Impactful Federal, State, and Local Policies

The Second Chance Act of 2008 authorizes a federal investment in strategies to reduce recidivism and increase public safety while reducing corrections costs for state and local governments.

BJA provides a grant program and technical assistance to state and local corrections agencies. [10] This brief provides an overview of assistance programs that support re-entry. [11]

SAMHSA has recently completed a grant cycle through its Offender Reentry Program that is worth monitoring for results and for possible additional grants. [12]

Available Tools and Resources

SAMHSA has published a guidebook titled, "Continuity of Offender Treatment for Substance Use Disorder from Institution to Community." This is one in SAMHSA's series of Treatment Improvement Protocols (TIPs) and provides guidance for substance use disorder treatment clinicians and case workers in assisting offenders in the transition from the criminal justice system to life after release. [13] SAMHSA also has a brief that outlines its various re-Entry resources. [14]

The National Institute of Justice has published a guidebook on the transitioning for Prison to Community (TPC) model titled "TPC Reentry Handbook: Implementing the NIC Transition from Prison to the Community Model." [15] It also hosts a website titled "Crime Solutions" that indexes evidence-based practices and programs that are directed to supporting reentry. [16]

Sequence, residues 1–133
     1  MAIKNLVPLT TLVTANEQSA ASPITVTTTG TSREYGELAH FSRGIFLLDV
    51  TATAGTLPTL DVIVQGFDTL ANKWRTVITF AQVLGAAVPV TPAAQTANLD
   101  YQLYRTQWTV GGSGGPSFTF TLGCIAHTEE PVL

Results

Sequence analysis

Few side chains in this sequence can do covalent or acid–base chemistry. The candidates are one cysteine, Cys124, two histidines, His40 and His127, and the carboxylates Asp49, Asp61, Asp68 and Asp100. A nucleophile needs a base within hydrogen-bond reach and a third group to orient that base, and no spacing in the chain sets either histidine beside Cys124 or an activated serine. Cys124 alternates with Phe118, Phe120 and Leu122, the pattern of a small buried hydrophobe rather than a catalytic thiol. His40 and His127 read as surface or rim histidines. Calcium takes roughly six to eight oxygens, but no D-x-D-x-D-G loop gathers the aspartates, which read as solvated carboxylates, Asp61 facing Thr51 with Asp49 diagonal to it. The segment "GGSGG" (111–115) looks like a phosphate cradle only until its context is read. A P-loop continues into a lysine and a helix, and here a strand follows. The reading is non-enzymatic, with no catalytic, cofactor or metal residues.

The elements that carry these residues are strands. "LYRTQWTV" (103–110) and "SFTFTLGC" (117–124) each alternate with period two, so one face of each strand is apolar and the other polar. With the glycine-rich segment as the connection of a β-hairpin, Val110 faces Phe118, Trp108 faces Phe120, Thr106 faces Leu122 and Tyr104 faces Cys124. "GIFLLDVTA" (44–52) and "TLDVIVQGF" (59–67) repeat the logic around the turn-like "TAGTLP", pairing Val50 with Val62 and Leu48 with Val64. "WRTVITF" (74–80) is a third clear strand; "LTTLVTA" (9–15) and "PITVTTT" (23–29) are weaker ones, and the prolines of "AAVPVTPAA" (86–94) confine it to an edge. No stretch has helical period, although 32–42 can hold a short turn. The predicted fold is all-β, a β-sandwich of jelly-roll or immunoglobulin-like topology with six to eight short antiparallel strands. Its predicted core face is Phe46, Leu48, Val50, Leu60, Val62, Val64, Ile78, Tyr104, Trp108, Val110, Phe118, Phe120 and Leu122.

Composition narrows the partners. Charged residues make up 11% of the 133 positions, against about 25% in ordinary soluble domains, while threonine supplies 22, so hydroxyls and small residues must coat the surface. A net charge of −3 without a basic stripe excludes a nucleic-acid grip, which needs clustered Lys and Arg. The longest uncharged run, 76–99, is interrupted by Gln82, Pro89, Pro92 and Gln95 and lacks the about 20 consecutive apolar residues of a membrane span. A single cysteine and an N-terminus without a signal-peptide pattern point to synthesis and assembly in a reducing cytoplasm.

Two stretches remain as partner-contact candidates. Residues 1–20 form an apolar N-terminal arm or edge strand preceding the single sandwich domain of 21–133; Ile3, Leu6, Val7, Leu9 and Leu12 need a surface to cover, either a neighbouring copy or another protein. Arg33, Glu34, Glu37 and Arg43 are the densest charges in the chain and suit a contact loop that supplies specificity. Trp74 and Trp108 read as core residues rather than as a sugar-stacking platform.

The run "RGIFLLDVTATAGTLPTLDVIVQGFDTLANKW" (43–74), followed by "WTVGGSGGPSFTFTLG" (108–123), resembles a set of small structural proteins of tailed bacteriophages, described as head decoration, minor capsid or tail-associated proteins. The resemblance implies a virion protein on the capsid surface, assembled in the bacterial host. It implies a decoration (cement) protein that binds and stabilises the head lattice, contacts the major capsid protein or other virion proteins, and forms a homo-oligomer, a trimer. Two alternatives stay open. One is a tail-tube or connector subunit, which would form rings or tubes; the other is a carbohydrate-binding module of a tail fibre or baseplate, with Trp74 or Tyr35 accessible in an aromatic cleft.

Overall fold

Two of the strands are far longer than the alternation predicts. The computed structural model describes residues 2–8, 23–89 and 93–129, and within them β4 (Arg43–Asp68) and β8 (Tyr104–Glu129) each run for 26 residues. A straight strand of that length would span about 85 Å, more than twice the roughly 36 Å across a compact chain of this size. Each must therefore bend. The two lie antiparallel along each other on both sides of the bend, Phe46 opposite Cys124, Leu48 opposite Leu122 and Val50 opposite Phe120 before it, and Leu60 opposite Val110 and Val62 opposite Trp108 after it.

Vocational Rehab (VR) Resources includes a webinar focused on VR for people with criminal backgrounds [17] and a website that provides a 50-State comparison on the use of criminal records in employment, licensing & housing. [18]

Second Chance Act Resources include a toolkit for local city, county, and community leaders to provide a foundation to improve reentry policy and practices [19] and a webinar on funding opportunities. [20]

What Works in Reentry Clearinghouse is a “one-stop shop” for research on the effectiveness of a wide variety of reentry programs and practices. [21]

Promising Practices

Rhode Island. the first state correctional system to initiate a comprehensive program to screen all individuals for opioid use disorder, to offer FDA–approved MAT to medically eligible incarcerated people, and to provide linkage to care in the community after release. In the first year of this program’s implementation, there was a 12% drop in statewide overdose deaths and a 61% drop in post-incarceration overdose deaths. [22]

Maryland. The Community Mediation Maryland Re-entry Mediation program is focused on building strong community relationships to support reentry of inmates into the community after they are released from prison. [23]

Washington. The Offender Reentry Community Safety Program is a reentry-planning and service program aimed at reducing recidivism for dangerously mentally ill offenders. [24]


  4. Inciardi, J. A., MartIn, S. S., & ButzIn, C. A. (2004). Five-Year Outcomes of Therapeutic Community Treatment of Drug-Involved Offenders after Release from Prison. Crime & Delinquency, 50(1), 88–107.
  5. The Revolving Door of American’s Prisons.(2011). State of Recidivism, Retrieved December 5, 2019, from